24th May 2022

New Finds

“Opal Glo” buttons lasted a full decade as a G.Herring/Beutron trade name. In truth, the same type of plastic buttons were sold by G. Herring from 1948 (called Irridel) and into the 1970s, possibly later. It is possible that cheaper plastics replaced the casein formula originally used: definitely there were more polyester and nylon buttons being sold by the company from around 1958. The older buttons have a richer, deeper colour and glow.

These date from 1949 possibly until 1954 (by the date of newsprint pasted onto the back of the cards). One card has a decimal price sticker applied to it, so I guess they were still selling them as old stock, and prepared to cut even the smaller card into portions by 1967.  It must have been a real nuisance for the sales staff, and wasteful. The artwork was the same on both large and small cards. As they were cut into portions for the customer, the price per dozen or half-dozen was often hand written, sometimes multiple times, on the card.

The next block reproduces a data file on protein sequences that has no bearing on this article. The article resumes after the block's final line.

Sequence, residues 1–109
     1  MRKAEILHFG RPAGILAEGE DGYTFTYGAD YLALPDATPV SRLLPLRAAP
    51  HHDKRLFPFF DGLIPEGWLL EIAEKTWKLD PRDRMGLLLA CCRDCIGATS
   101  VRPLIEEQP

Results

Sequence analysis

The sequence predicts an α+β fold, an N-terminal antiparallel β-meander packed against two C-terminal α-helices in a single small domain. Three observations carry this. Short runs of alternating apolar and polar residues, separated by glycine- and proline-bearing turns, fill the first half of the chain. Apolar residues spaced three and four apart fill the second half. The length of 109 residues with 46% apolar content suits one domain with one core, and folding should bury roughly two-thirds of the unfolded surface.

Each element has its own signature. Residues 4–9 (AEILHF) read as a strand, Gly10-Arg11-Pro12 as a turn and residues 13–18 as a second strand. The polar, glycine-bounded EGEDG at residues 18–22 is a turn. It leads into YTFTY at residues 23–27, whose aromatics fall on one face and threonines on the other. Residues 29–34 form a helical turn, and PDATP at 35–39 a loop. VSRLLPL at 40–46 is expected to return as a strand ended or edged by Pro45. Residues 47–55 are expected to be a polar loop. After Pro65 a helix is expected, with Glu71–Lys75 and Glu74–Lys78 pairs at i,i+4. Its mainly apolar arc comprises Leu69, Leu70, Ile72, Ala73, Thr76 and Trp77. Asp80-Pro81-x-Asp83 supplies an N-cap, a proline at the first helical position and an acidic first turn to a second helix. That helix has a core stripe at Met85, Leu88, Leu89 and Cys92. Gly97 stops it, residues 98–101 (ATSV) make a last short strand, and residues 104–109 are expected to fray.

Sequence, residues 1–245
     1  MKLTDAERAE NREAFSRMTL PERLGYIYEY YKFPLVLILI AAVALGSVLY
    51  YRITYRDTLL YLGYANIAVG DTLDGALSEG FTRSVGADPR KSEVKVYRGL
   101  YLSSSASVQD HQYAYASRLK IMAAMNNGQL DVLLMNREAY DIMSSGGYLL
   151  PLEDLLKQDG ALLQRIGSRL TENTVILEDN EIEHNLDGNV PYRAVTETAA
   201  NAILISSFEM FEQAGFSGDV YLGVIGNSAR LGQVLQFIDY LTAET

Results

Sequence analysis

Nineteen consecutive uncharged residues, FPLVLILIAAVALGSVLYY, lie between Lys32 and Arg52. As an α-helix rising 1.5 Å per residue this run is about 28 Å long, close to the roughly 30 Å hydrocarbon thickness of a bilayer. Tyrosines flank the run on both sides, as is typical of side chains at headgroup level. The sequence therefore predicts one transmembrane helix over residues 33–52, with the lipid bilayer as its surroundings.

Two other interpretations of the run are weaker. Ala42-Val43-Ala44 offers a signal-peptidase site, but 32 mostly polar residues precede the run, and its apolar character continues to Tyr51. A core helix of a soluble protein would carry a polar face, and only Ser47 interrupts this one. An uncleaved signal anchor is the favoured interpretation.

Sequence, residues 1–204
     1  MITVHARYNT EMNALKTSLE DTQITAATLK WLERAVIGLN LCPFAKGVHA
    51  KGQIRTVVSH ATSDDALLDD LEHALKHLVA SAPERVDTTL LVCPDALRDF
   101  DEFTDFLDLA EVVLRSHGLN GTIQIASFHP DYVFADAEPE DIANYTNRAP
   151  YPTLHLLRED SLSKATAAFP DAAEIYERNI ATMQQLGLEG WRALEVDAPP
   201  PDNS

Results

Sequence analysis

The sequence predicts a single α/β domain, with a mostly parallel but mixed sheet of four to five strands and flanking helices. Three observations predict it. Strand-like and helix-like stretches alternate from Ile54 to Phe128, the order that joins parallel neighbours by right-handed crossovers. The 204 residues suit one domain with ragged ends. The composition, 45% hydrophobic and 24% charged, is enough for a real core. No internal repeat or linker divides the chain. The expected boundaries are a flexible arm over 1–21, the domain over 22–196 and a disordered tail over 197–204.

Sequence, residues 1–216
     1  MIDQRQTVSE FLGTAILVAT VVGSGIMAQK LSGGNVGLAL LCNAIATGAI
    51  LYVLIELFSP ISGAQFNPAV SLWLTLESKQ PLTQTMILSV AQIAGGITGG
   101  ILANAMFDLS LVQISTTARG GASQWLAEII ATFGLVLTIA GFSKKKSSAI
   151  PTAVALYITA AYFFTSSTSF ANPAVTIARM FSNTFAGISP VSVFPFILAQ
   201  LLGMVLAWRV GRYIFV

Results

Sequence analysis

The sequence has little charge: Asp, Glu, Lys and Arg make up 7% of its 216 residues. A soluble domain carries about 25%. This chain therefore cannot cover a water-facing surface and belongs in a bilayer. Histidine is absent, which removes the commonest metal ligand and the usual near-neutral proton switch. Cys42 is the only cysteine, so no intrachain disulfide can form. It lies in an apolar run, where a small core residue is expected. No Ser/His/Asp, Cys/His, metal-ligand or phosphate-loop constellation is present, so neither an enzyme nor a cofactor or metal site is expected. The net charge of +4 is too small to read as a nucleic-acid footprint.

I can’t image larger stores would hold onto old stock for so many years (from before 1954 until 1967 when imperial pricing was done with). Perhaps smaller haberdashery stores weren’t thorough with their stock turnover?

The card without the cotton thread  dates from around 1958. “Tecpearl” buttons, first advertised in that year, appear on these type of cards. The other two date from around 1964. After that, the name ‘Opal-Glo’ is no longer used, even though identical buttons still appeared on Beutron cards.

These buttons are probably made of polyester, and date from the early 1960s.

The term “Colour Matched” was used in marketing from 1963-1971. However, it was only printed on cards from 1963-7 so along with the pricing (which showed dual prices in 1966-7 and decimal only from late 1967) you can date these fairly closely.

‘Originals” were advertised from 1950-1955. The glass examples were imported from West Germany. After 1955 I guess glass fell out of favour due to competition with more easily washed plastic buttons. The card on the right  dates dates from the early 1970s.

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